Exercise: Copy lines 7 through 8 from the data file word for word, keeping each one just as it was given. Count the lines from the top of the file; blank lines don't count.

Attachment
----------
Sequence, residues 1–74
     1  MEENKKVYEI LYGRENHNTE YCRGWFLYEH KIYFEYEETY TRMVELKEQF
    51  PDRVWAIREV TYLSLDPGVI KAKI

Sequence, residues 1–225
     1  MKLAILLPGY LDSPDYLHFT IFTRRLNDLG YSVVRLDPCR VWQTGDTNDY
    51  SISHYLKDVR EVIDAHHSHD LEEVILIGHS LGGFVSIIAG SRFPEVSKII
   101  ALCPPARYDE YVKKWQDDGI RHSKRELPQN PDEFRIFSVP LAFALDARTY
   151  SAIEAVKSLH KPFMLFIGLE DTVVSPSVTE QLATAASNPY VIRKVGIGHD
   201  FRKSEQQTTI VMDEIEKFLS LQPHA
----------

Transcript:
   101  ALCPPARYDE YVKKWQDDGI RHSKRELPQN PDEFRIFSVP LAFALDARTY
   151  SAIEAVKSLH KPFMLFIGLE DTVVSPSVTE QLATAASNPY VIRKVGIGHD